This is one topic that really intrigues me. Shimpaku has become a favorite bonsai subject, and as I work more with the different varieties, I’ll continue to share the subtle differences.
From macro to micro, here is a little more about each of these three varieties.
My Itoigawa, from Evergreen Gardenworks, and the source of all the Itoigawa material shown.
This is a shimpaku, also from Evergreen Gardenworks, similar in size to the Itoigawa at about 16″.
Finally, the Kishu, which is young, in the ground (left) and growing on. These came from Miniature Plant Kingdom.
Here are some photos of shoots of each variety. For consistency and clarity throughout this post, each shoot will appear in alphabetical order, from left to right…Itoigawa, Kishu, Shimpaku.
These all display mature foliage. Itoigawa is much lighter, brighter green in color. The texture is very fine, and the structure is open, and fanlike. Here is another shoot from the same plant:
The Kishu is brighter than the shimpaku, but the foliage is much tighter, and more succulent than Itoigawa. Many say that the foliage of kishu “balls up”, and in Japan, it’s presently less in favor than Itoigawa. The branches are stout, and the wood seems stiffer than Itoigawa. Here is a photo of a shoot:
And here is a shot from a shimpaku. Interestingly, it seems to be “balling up” like a kishu. Brent sold it to me as shimpaku, so I’m sticking with it. The foliage is a bit ropier in shape, bluer in color, and the texture is somewhere between Itoigawa and kishu.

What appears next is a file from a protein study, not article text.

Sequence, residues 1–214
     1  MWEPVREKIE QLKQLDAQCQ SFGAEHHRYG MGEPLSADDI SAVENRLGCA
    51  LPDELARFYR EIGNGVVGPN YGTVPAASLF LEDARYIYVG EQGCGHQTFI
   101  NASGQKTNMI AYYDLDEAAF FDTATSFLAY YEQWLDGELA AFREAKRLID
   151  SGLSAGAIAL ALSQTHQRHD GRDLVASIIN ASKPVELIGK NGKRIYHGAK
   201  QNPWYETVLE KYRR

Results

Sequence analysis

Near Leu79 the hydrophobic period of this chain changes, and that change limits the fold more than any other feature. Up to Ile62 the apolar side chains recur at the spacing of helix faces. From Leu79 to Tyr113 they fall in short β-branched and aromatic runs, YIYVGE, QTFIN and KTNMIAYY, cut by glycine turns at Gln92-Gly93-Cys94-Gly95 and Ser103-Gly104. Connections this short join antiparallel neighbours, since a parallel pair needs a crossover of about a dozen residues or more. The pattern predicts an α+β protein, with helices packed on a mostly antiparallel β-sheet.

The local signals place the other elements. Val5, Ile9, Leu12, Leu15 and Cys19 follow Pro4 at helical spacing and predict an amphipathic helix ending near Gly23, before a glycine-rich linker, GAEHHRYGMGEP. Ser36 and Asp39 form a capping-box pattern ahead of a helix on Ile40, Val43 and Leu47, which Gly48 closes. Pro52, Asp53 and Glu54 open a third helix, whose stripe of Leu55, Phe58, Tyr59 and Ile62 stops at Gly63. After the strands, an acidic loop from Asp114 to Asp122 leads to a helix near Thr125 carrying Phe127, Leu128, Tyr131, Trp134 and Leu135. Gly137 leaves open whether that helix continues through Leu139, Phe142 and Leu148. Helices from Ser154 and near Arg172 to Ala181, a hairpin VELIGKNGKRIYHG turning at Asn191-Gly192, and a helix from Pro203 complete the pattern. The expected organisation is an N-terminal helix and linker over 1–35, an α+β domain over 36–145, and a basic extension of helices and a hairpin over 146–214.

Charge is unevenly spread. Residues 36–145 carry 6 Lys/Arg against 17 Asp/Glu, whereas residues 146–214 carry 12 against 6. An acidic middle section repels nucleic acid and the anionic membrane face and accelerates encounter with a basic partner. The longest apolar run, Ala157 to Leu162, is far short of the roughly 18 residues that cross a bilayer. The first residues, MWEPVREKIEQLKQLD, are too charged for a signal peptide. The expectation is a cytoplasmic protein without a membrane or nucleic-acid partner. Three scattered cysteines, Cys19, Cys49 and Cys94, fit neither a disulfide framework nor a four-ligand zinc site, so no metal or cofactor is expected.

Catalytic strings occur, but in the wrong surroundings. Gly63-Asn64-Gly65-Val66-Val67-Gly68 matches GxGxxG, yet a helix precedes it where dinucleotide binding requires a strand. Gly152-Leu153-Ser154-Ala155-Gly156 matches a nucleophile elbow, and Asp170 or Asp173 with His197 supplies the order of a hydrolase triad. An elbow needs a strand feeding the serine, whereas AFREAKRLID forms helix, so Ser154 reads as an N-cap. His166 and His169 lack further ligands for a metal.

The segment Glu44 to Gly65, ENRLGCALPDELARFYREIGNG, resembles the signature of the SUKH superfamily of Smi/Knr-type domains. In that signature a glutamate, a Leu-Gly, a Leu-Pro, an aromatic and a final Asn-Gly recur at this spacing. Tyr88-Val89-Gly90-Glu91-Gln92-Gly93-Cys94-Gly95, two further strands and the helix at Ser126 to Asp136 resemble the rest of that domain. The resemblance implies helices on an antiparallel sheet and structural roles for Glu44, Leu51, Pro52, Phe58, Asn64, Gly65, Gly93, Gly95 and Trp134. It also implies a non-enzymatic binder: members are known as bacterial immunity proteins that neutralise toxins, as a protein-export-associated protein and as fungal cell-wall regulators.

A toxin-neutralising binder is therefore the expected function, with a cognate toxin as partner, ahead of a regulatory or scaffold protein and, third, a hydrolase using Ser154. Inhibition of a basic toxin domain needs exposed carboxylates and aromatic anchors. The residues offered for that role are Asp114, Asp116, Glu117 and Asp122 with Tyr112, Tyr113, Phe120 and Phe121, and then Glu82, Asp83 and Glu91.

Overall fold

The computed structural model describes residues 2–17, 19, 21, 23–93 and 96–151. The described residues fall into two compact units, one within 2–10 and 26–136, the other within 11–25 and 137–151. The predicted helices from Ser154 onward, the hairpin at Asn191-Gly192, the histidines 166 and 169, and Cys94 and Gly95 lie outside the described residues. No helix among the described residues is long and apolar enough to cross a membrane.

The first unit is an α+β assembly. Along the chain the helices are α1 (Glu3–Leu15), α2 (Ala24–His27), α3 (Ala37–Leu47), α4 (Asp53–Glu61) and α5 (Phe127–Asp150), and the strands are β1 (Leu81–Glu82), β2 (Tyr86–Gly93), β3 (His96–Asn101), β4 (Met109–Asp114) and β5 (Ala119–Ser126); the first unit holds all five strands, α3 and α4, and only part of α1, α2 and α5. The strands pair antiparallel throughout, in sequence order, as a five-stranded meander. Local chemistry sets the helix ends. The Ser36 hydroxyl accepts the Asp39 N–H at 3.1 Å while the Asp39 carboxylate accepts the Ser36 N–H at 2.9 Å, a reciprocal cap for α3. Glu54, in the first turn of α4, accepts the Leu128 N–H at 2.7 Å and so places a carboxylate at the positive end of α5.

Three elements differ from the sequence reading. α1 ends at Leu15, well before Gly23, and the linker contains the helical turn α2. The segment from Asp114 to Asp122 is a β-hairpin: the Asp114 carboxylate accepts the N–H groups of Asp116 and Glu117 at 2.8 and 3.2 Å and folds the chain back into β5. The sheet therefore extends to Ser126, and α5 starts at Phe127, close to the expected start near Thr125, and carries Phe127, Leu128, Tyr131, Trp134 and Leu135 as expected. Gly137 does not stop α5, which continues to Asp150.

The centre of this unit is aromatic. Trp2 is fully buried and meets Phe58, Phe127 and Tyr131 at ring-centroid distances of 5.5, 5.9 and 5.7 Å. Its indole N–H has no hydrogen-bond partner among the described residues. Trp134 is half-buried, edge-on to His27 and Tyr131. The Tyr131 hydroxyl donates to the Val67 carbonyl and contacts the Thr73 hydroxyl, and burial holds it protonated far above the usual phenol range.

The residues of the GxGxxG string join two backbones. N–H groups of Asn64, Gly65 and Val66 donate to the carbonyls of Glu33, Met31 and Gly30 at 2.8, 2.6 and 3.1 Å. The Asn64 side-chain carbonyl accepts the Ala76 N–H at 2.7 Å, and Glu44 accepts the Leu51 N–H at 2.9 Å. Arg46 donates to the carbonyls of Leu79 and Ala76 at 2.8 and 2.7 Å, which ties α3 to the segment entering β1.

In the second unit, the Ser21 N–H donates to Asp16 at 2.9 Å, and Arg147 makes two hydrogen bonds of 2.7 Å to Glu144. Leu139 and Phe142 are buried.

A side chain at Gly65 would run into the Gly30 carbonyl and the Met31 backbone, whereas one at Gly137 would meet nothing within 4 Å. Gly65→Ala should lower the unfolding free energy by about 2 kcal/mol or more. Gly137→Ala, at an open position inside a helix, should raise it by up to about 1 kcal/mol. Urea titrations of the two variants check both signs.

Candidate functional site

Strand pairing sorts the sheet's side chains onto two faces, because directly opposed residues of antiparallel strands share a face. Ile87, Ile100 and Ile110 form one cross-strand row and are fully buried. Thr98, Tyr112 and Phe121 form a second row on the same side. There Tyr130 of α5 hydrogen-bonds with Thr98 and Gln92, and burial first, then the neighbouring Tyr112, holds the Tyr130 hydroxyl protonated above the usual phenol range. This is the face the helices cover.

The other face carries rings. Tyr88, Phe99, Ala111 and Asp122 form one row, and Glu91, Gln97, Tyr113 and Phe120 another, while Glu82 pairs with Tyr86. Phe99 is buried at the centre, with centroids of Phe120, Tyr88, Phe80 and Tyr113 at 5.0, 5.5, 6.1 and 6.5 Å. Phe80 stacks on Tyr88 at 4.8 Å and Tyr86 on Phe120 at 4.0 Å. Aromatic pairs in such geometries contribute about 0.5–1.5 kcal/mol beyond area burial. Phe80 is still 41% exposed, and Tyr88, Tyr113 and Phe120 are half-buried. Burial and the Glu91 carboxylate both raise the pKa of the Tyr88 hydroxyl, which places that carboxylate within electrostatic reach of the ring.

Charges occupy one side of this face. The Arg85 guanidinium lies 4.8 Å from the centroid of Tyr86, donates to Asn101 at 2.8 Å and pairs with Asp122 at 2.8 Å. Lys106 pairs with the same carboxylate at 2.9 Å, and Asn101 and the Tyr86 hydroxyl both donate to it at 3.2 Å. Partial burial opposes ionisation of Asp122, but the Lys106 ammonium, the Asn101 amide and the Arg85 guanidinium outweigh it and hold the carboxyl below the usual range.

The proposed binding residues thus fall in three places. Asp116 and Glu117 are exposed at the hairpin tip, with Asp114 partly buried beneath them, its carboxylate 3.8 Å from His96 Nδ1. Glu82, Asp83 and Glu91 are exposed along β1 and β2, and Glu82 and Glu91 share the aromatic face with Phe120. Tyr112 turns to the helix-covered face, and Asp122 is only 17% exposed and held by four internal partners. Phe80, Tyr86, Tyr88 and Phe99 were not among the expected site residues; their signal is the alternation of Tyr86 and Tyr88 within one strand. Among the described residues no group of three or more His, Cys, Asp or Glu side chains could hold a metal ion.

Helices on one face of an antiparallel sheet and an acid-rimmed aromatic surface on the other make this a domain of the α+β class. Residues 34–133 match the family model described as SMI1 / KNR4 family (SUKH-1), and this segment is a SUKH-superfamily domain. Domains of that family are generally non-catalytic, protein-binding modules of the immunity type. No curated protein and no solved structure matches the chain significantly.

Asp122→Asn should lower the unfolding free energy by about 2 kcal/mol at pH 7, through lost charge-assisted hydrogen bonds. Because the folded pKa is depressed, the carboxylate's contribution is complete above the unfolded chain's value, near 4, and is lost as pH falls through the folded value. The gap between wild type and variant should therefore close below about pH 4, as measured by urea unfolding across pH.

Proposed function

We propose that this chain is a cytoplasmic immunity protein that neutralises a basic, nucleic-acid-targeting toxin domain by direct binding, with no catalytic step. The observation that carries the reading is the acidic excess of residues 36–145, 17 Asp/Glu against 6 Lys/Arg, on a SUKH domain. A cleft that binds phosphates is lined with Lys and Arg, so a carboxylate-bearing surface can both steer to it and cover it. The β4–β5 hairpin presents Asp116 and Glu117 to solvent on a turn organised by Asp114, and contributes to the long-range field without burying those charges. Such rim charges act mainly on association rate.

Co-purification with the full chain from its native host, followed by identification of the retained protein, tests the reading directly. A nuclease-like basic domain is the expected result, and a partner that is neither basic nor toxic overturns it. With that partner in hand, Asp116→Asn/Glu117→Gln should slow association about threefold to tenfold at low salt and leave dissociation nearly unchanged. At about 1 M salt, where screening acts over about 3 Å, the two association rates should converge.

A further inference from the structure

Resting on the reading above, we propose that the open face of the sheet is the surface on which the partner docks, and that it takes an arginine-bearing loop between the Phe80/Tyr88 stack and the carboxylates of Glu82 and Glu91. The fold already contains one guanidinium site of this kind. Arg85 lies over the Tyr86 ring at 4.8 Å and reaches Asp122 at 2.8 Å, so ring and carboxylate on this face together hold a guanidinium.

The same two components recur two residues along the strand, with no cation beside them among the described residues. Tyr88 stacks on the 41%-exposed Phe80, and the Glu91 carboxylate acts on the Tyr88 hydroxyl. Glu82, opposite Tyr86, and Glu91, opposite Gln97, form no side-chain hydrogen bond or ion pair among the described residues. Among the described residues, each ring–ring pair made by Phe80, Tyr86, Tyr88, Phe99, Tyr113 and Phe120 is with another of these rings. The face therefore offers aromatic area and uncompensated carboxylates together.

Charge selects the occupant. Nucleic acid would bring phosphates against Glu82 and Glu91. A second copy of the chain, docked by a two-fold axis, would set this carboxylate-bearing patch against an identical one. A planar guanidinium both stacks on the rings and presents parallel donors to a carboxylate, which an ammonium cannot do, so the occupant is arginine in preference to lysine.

Now, a look at some individual shoots. Itoigawa foliage reverts from mature to juvenile in response to hard pruning. Looking closely at the foliage structure, it appears that it all starts the same way, but that juvenile foliage extends points from each scale, mature foliage does not exhibit the extension growth, so it appears smoother, and also brighter. The left shoot shows juvenile foliage growing from a mature shoot. The right shoot shows mature foliage extending out from a juvenile shoot. See the difference?
I have yet to get juvenile foliage to grow from one of my kishus, but this juniper from Brussel’s is labeled as kishu, and is full of juvenile foliage. I’m not convinced its kishu.
And here is a photo showing a juvenile shimpaku shoot growing out mature foliage, the blue color of the juvenile foliage is much more apparent in this shimpaku.
Now, some close ups of the “runners” each produces, again, left to right, Itoigawa, Kishu, and Shimpaku:
So, here is a test for you. What kind of juniper is this one?